Despite 45,000-sq-ft floor plates, McCarthy is completing the project with one tower crane, installed through the existing building’s elevator shaft.
The project is scheduled for completion in June 2010.
The Methodist Hospital System Hensel Phelps Construction Co. of Houston began construction in September 2006 on the Methodist Hospital System’s $237-million, 1.6 million-sq-ft, 26-story, above-grade Outpatient Center, with two-levels of parking and loading docks below grade. About half of the occupied space houses 14 surgical suites, central sterile supply and diagnostic imaging and infusion oncology units. Methodist will leave about 140,000 sq ft of the occupied space shelled for future expansion. The project includes a 1,370-car, 852,000-sq-ft parking garage.
|Workers at The Methodist Hospital Research Institute reach for metal studs to be used for partitions in the structure being built by Harvey Builders. (Photo by C. Richard Cotton)
“Almost every one of the service lines exist today, but they are imbedded in inpatient facilities and different areas,” says Sid Sanders, vice president of facilities planning and development for Methodist. “This is a way to bring them all into one location, in state-of-the-art, modern facilities.”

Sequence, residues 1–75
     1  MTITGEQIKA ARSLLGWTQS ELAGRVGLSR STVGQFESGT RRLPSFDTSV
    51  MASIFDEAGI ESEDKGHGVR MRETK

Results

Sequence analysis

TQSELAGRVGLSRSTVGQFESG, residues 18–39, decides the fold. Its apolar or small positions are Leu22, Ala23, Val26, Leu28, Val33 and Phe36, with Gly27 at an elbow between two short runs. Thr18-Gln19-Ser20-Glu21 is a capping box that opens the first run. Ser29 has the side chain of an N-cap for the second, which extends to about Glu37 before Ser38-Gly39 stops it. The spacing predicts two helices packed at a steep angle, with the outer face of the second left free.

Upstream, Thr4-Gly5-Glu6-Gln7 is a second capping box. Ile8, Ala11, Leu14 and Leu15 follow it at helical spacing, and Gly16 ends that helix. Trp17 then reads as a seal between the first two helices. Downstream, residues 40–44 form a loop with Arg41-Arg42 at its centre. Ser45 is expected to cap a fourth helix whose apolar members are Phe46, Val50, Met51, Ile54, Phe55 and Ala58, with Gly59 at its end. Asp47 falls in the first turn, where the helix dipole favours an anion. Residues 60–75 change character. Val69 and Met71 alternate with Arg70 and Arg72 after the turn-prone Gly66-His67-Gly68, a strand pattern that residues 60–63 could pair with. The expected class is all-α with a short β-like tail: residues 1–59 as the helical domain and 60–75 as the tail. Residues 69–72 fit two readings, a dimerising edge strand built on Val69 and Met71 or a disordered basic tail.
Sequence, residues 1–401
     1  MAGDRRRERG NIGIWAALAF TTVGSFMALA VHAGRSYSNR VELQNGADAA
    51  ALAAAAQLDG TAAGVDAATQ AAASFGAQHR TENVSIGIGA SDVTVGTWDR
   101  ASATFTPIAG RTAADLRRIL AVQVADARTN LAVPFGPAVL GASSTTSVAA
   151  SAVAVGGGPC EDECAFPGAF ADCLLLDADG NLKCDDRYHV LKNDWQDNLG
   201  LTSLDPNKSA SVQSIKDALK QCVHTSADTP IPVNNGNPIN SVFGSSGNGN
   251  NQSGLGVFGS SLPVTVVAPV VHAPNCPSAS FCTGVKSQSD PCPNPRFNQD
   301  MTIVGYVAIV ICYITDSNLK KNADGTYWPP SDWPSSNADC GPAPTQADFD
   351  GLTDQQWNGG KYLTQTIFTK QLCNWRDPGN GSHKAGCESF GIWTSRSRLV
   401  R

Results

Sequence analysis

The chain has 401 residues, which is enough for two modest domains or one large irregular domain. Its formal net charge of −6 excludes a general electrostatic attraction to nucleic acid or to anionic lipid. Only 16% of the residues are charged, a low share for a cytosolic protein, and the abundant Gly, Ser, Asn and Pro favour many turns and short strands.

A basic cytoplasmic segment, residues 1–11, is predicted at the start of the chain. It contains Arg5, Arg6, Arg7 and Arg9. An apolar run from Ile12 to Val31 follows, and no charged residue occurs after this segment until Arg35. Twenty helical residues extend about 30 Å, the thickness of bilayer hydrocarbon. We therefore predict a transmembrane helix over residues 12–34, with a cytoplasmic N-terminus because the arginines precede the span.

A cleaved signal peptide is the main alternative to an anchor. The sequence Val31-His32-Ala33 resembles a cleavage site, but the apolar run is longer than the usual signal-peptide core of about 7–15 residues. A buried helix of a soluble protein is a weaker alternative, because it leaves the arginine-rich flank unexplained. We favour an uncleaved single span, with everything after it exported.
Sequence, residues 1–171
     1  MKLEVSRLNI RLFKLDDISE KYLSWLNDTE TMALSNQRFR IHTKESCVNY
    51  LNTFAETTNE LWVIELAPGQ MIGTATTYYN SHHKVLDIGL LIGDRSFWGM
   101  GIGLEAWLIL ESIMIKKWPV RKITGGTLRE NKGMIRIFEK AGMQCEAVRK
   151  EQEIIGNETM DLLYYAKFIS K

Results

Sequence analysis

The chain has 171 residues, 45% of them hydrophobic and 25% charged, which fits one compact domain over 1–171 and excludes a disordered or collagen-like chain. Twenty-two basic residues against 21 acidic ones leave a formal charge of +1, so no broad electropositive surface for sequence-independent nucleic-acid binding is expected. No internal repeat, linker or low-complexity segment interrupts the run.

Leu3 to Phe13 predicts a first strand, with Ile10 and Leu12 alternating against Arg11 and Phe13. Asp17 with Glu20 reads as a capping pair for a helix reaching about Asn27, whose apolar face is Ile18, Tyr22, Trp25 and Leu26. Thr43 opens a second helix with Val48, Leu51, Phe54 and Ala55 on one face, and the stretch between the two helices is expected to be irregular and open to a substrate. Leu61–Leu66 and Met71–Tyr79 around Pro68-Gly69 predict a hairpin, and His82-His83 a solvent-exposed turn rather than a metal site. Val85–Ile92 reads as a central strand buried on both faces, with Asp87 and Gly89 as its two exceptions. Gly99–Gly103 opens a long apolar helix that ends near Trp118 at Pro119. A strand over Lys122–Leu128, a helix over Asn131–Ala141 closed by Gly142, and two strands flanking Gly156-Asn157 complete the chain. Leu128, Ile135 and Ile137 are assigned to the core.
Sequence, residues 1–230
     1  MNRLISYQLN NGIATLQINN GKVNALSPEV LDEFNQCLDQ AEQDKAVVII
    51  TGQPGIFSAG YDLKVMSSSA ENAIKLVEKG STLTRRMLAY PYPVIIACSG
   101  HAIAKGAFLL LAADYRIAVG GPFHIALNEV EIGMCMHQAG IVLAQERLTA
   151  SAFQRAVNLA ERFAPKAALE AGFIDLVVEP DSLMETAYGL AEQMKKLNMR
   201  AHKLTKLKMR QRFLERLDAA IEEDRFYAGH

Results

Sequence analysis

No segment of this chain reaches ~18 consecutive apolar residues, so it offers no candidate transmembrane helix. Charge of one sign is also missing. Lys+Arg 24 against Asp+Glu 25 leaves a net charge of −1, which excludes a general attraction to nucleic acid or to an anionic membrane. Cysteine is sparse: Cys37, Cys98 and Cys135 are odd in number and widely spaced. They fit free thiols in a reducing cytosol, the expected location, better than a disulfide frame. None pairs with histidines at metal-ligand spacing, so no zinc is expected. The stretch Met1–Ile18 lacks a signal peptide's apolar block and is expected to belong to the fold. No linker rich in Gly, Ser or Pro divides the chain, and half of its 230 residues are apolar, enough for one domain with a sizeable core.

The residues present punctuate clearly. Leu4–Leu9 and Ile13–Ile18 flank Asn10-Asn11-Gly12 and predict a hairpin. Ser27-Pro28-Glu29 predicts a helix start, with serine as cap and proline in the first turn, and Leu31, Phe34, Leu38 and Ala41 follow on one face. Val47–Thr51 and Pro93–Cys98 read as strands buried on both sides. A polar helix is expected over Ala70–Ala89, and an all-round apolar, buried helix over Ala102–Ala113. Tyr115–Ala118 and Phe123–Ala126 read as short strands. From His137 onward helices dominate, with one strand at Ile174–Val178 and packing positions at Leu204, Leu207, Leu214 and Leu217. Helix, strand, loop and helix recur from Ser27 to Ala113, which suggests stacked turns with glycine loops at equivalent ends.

The pan-formed concrete, multishaped building sits on two, 7.5-ft-thick, concrete-mat slabs, totaling about 10,000 cu yds.
“We placed the mat slab, both of them on or before the date we projected,” says Michael Dwight, project manager for Hensel Phelps. “That set the pace and the tone for staying on schedule as we moved through the concrete structure.”
The first 17 floors are L-shapedwith a 68,000-sq-ft floor plate, and the upper floors are triangular shaped, with a 33,000-sq-ft floor plate.
The new structure is located within inches of an existing hospital. The central utilities plant, with chillers, boilers and emergency generators is on the 17th floor. The cooling tower is at the top, at level 25. Crews hoisted all of the equipment to the upper levels.
|Hensel Phelps Construction Co. is building the Methodist Outpatient Center. (Photo by C. Richard Cotton)
“There was no place to exhaust anything, except through the roof at level 18,” Dwight says.
The exterior is faced with decorative metal, a unitized curtain-wall system, metal panels and louvers, architectural precast concrete and granite at the base. The unitized curtain-wall system rises about 60 ft above the roof line at one side and 12 ft at another, creating a screen wall to conceal the cooling tower. An architectural crown sits atop the building.
A steel spire begins on level 13 and extends 130 ft above the screen wall. Hensel Phelps will set upper portions of it with helicopters. Two smaller spires rise behind it. An extensive exterior, LED lighting scheme will illuminate the spires.
“It has a marked impact on the skyline. It’s a very unique looking building at the top,” Dwight says.